Google has released a second developer preview for Android 14, bringing in several core features to help users better control their data, securely sign in to apps, and boost overall device health.
While aimed at developers creating apps for the next generation of Android, which will likely roll out fully in the fall, the developer preview gives us a good look at some of the new features and focus for Android 14.
Privacy and security
The update that caught our eye is the previously rumored focus on passkeys replacing passwords for signing into third-party apps. Android 14 will better facilitate this by offering an API developers can use to put an emphasis on using encrypted passkeys rather than passwords.
This should mean users can sign in more easily to apps with things like biometric security, as well as make for a more secure experience as passkeys aren't susceptible to phishing attacks and scams like passwords are. As such, Android 14 could be the first nail in the coffin of traditional passwords, on some of the best Android phones at least.
The next main point is a focus on privacy and security, with new options to control how third-party apps access private information. Google noted that there are now three options when letting an app have access to your photos: “Allow access to all photos” does what it says, “Select photos" lets you choose what can be accessed, and “Don’t allow” simply prevents an app from accessing any of your photos or videos.
Continued background streamlining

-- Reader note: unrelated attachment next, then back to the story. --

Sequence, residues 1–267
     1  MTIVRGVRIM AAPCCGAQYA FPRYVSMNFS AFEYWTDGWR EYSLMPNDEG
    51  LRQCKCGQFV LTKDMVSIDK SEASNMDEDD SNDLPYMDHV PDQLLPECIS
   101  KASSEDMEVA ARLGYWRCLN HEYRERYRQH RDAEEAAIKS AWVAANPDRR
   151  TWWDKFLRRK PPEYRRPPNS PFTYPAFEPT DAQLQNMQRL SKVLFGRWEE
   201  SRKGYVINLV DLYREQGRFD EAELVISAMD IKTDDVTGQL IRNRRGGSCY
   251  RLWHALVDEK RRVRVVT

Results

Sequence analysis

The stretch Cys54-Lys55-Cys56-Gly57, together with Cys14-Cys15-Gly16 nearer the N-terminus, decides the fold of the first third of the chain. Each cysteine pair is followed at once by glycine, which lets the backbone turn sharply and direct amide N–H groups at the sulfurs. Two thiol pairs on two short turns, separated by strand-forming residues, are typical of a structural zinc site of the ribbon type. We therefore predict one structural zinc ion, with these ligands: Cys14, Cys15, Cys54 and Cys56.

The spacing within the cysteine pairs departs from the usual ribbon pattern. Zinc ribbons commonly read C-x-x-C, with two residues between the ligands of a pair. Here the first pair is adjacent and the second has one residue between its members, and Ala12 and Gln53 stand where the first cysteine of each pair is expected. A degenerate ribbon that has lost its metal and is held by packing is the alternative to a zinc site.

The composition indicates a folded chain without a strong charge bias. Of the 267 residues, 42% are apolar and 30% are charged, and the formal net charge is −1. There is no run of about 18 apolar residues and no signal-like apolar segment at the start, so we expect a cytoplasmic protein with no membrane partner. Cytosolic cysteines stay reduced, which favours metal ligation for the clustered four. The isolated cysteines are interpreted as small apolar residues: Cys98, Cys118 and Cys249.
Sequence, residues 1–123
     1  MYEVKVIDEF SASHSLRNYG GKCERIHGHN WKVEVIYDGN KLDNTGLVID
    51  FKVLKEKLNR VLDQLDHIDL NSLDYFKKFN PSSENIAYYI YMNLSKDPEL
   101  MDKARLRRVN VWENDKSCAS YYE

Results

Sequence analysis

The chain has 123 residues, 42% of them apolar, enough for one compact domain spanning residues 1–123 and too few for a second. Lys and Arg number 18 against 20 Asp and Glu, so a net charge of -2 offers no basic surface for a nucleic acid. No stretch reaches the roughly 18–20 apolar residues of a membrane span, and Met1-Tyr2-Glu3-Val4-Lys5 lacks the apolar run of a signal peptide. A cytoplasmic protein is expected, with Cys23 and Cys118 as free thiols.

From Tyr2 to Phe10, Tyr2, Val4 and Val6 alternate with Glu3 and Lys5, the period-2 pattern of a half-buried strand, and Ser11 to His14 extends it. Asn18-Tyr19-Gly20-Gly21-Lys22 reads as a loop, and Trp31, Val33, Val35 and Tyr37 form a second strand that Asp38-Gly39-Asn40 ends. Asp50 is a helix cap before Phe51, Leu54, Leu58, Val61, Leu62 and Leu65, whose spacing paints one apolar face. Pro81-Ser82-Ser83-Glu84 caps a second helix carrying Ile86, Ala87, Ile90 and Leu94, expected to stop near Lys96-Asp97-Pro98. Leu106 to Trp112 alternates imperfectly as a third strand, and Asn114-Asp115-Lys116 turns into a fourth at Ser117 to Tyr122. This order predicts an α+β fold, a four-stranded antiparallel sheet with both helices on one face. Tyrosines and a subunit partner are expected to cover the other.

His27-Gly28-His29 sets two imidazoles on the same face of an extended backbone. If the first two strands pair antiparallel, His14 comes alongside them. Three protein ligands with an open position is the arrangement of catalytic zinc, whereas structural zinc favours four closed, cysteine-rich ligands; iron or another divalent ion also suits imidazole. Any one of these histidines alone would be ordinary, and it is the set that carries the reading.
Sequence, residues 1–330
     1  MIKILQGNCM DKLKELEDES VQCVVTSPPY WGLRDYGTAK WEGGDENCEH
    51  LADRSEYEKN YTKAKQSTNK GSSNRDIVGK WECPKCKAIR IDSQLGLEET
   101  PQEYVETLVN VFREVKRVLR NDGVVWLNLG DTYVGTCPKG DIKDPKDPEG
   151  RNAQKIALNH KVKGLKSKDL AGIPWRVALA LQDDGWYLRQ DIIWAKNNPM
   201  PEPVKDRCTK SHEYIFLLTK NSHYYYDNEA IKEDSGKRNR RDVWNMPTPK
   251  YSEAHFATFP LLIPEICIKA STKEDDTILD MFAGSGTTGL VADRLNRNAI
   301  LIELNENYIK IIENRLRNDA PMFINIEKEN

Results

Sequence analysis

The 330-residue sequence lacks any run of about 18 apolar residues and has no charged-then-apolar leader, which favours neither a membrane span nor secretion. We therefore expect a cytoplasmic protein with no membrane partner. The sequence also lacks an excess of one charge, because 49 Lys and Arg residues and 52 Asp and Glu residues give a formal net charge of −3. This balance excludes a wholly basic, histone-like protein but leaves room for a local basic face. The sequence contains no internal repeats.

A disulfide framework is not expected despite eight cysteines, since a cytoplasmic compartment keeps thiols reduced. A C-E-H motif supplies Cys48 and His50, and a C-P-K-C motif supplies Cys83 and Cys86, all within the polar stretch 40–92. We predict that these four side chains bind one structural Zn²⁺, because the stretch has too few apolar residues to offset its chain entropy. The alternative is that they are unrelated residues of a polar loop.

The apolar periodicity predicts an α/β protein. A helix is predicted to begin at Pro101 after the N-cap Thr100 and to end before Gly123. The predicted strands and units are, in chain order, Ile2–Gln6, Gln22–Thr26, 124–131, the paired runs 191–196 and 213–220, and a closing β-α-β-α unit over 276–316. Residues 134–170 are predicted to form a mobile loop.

And the final significant change comes in the form of a suite of tweaks to better improve the performance and health of an Android phone at the system level. That means there are now background optimizations to curtail unwanted work outside of an app’s conventional services. This should deliver better memory management and give the system more resources to use.
There will also be fewer non-dismissible notifications, which should be great for people who hate not being able to swipe away stubborn app or system alerts when an Android device is locked. App compatibility has also been worked on in order to allow for faster updates — more of a feature for developers, but it should hopefully deliver apps that are more stable and run smoother.
A few more tweaks also come with this version of Android 14, including better control over regional preferences, say setting the start of the week as Monday in Europe rather than Sunday, as is common in the U.S.
Android 14 Developer Preview 2 outlook
Overall, Android 14 looks set to bring in more customization and better control over privacy and security, as well as better compatibility across different device form factors, notably some of the best foldable phones.
Android 14 is likely to debut with the rumored Google Pixel 8 along with other supported Pixels. But you can expect it to roll out to other recent Android phones come the fall and into early 2024.
If you're keen to try out the developer preview then check out the Android 14 developer site (opens in new tab). Just be aware that we’d not recommend installing a preview version of Android (this isn't even a beta yet) on your main phone as bugs and issues with stability could still need some ironing out.